ISSN (Print) - 0012-9976 | ISSN (Online) - 2349-8846

Articles By R H Patil

Financial Sector Reforms: Realities and Myths

Does India's strategy for financial sector reform need to be reviewed in the light of what happened in the major developed countries during the global financial crisis, hitherto the role models for our reformers? The only mantra on financial sector reforms that we hear from some senior government officials and influential academicians is to dismantle all controls on cross-border capital flows, go in for market-determined exchange rates and interest rates, downsize the powers of the Reserve Bank of India to that of a pure monetary authority, transfer all the market regulation powers to the Securities and Exchange Board of India and opt for free financial markets. In all these reform packages there is often no recognition of the fact that, at the current stage of its economic development, the country needs different sets of solutions. Markets alone are not going to be the solution for all our problems. All those who talk of totally free markets do not recognise that we need broad-based industrialisation and infrastructure development to tackle poverty and that the financial sector should clearly serve as an instrument to achieve these objectives.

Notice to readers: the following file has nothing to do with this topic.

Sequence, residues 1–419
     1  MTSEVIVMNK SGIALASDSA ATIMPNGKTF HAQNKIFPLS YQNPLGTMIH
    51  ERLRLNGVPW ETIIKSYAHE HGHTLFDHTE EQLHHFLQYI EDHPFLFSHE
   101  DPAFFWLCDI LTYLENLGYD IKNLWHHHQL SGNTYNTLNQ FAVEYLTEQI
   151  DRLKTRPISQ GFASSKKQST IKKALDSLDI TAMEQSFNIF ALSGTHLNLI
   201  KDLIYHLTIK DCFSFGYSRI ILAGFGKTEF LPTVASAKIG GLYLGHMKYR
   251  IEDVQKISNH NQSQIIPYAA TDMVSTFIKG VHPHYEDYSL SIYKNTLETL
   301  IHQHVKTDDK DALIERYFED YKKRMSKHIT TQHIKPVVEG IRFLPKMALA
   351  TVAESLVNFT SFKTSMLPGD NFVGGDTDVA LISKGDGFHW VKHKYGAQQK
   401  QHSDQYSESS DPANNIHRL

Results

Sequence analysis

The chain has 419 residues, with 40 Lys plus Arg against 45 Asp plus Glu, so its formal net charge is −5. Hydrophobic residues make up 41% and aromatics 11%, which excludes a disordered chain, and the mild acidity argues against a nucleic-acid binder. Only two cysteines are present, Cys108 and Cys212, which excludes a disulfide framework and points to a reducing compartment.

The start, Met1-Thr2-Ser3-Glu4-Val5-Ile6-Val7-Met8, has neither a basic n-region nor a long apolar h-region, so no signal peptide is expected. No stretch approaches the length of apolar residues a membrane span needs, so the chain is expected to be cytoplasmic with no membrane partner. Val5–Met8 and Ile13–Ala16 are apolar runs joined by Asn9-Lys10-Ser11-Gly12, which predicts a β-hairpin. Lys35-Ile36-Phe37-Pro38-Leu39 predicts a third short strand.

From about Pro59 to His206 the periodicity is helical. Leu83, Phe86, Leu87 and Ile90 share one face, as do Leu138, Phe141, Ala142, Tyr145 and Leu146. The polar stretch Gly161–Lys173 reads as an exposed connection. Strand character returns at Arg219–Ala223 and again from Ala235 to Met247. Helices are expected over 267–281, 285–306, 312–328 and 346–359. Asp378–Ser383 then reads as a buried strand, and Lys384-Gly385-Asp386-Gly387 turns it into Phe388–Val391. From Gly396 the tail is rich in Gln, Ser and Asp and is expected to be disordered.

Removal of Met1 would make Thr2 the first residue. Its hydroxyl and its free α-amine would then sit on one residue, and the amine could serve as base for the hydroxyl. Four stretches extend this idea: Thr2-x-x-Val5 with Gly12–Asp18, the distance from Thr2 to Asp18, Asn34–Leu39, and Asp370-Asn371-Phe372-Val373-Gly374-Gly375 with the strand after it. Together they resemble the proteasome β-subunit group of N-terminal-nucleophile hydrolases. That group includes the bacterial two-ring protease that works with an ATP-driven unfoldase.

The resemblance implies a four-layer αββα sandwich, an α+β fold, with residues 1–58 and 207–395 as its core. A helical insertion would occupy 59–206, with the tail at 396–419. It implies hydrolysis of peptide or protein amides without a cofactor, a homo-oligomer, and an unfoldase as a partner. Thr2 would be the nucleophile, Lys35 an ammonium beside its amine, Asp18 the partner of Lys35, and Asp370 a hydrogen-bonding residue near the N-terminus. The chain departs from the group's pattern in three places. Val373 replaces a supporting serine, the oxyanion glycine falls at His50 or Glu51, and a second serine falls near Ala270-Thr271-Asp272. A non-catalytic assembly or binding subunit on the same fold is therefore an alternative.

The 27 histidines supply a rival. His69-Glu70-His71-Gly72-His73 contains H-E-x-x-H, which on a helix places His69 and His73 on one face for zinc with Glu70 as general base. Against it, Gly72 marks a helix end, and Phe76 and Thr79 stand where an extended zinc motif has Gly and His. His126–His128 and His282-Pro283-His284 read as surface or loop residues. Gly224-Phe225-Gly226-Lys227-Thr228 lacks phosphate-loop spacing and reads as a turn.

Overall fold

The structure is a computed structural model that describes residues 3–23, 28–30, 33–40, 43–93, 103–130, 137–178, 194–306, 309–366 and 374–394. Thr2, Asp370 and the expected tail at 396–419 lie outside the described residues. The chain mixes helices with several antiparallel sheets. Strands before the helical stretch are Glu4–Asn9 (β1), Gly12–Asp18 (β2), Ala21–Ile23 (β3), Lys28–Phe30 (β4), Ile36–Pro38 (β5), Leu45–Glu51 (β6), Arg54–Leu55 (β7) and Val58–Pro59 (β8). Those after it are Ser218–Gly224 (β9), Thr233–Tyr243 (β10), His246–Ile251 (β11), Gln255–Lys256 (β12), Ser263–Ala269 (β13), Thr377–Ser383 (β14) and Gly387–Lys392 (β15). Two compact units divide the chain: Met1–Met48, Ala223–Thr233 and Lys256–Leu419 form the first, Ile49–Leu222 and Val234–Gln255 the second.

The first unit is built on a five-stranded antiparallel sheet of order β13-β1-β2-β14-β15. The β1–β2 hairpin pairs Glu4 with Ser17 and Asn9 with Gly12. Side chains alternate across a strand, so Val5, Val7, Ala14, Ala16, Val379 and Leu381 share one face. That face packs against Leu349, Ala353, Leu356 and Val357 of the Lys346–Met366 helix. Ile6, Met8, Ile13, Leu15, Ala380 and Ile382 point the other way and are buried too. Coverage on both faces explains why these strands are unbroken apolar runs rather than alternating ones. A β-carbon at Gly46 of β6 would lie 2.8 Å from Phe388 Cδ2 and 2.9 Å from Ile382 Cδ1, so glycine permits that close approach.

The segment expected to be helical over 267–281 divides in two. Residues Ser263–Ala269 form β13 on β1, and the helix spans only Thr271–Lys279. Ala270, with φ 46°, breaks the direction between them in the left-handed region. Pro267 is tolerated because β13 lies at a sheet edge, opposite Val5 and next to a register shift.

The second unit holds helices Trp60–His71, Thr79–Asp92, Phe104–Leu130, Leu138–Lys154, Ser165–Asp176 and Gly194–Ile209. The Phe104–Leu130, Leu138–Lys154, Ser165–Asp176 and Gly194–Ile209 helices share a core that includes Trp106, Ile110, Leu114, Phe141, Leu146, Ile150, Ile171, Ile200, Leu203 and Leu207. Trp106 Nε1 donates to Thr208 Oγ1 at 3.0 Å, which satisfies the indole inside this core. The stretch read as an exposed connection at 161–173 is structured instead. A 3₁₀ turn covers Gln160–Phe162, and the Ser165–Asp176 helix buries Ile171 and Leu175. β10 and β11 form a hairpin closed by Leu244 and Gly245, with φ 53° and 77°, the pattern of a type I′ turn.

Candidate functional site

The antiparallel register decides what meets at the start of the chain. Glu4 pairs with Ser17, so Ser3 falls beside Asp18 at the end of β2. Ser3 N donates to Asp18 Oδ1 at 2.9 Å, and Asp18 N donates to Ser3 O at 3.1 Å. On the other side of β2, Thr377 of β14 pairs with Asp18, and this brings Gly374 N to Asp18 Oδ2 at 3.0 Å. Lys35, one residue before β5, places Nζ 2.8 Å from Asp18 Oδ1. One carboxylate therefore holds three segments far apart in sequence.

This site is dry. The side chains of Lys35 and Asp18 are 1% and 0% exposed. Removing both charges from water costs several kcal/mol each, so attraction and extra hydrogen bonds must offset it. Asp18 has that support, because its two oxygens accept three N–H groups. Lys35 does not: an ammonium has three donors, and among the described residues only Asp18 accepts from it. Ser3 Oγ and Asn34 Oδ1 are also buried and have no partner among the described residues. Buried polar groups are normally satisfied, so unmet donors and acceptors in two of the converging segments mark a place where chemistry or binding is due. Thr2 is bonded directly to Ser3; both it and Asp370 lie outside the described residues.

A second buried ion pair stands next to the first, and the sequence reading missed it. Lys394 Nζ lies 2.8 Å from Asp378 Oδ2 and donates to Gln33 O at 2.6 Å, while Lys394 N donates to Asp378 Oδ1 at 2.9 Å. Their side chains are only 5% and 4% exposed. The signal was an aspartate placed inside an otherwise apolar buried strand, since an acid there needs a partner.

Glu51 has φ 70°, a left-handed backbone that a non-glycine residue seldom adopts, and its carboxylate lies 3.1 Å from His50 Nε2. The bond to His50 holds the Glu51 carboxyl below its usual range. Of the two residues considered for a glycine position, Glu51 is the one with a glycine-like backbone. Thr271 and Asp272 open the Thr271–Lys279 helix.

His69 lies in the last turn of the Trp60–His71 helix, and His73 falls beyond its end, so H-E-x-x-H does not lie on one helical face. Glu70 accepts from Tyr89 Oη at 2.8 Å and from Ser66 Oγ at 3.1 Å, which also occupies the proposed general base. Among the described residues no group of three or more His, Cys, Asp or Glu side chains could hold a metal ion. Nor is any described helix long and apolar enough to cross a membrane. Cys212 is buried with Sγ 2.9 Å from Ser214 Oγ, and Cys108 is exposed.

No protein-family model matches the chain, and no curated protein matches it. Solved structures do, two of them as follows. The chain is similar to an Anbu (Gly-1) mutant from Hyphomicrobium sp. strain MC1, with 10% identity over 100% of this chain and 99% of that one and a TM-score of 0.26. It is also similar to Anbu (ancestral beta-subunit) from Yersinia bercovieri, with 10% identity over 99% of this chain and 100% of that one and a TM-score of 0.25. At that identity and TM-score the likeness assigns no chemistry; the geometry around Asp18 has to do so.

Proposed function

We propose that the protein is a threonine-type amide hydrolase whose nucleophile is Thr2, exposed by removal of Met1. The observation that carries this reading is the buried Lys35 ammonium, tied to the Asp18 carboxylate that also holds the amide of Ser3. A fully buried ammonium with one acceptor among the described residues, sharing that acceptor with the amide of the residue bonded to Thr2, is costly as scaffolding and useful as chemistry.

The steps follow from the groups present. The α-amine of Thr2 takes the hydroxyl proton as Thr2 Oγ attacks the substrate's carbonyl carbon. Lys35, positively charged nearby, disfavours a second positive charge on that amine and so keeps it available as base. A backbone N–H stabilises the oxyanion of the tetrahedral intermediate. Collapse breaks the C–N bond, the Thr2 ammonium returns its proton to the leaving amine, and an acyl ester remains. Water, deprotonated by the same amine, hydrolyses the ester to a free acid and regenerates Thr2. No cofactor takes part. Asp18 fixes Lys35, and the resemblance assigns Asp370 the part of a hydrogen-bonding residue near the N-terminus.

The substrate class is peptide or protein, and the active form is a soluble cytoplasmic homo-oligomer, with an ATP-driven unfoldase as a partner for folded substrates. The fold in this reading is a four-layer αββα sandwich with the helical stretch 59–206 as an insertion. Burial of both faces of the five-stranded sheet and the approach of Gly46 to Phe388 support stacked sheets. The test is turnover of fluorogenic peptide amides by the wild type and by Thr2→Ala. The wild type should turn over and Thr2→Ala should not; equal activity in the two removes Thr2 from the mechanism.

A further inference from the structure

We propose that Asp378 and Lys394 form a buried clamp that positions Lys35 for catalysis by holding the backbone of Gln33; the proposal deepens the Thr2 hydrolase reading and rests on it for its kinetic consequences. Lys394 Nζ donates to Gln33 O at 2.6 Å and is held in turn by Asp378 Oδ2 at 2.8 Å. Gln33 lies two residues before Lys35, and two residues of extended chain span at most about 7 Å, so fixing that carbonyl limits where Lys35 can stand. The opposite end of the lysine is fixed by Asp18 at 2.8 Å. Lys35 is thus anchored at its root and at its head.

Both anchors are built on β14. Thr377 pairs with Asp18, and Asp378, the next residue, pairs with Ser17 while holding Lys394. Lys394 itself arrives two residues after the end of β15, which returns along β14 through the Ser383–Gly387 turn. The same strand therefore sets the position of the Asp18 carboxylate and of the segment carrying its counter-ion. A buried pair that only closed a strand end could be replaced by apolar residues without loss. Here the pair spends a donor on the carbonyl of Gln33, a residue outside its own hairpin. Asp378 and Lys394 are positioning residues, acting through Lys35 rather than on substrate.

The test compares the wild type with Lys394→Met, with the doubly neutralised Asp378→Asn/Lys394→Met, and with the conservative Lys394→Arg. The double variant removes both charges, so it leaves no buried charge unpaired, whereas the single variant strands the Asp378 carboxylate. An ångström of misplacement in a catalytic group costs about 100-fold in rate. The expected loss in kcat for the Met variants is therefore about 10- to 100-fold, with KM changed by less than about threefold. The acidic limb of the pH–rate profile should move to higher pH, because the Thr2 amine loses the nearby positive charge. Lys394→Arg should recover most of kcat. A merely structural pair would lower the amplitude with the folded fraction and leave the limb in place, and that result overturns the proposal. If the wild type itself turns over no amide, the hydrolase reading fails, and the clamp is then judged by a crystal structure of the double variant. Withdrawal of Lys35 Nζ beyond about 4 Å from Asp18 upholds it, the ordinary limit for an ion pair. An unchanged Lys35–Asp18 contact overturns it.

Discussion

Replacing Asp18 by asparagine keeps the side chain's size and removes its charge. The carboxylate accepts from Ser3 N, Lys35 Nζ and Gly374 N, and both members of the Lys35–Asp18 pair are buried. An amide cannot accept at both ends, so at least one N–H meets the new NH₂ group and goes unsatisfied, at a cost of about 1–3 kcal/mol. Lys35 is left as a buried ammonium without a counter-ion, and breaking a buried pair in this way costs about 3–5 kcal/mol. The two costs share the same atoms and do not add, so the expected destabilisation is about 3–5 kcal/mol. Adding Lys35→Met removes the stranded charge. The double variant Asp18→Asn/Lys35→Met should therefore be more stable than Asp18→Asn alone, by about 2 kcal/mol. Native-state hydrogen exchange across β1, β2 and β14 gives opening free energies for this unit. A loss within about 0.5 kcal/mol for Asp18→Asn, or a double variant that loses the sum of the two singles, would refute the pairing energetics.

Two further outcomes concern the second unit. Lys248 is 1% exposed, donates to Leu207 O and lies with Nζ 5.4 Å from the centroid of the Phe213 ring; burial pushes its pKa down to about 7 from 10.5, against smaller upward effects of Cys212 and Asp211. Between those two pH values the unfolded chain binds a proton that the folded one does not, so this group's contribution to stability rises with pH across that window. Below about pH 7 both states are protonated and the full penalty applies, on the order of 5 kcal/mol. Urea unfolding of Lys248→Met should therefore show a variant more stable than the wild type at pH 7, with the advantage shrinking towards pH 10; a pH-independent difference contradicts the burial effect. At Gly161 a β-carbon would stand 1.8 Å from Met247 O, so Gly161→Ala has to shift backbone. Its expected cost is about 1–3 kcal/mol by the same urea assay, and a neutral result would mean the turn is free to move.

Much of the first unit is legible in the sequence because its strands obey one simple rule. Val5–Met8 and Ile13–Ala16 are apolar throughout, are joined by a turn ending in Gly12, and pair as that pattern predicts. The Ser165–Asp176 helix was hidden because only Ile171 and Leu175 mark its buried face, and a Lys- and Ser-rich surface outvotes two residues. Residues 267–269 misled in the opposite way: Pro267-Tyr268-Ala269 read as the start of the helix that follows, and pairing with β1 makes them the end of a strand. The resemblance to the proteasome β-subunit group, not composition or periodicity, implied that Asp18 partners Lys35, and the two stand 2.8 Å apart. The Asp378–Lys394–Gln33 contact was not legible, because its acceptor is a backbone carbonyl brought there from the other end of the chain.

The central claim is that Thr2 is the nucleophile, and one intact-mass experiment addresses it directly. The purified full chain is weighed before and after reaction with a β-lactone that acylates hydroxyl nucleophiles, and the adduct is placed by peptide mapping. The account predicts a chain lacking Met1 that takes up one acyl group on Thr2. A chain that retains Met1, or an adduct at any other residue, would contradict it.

Current State of the Indian Capital Market

In the early 1990s, India figured low in the global ranking of the state of capital markets. The adoption of sophisticated IT tools in trading and settlement mechanisms has now placed India in the lead. The National Stock Exchange has played an important role in this transformation. Shorter settlement periods and dematerialisation have been other major developments. But all is not entirely positive. The introduction of individual stock futures poses a major risk; so also the large inflow of funds through participatory notes.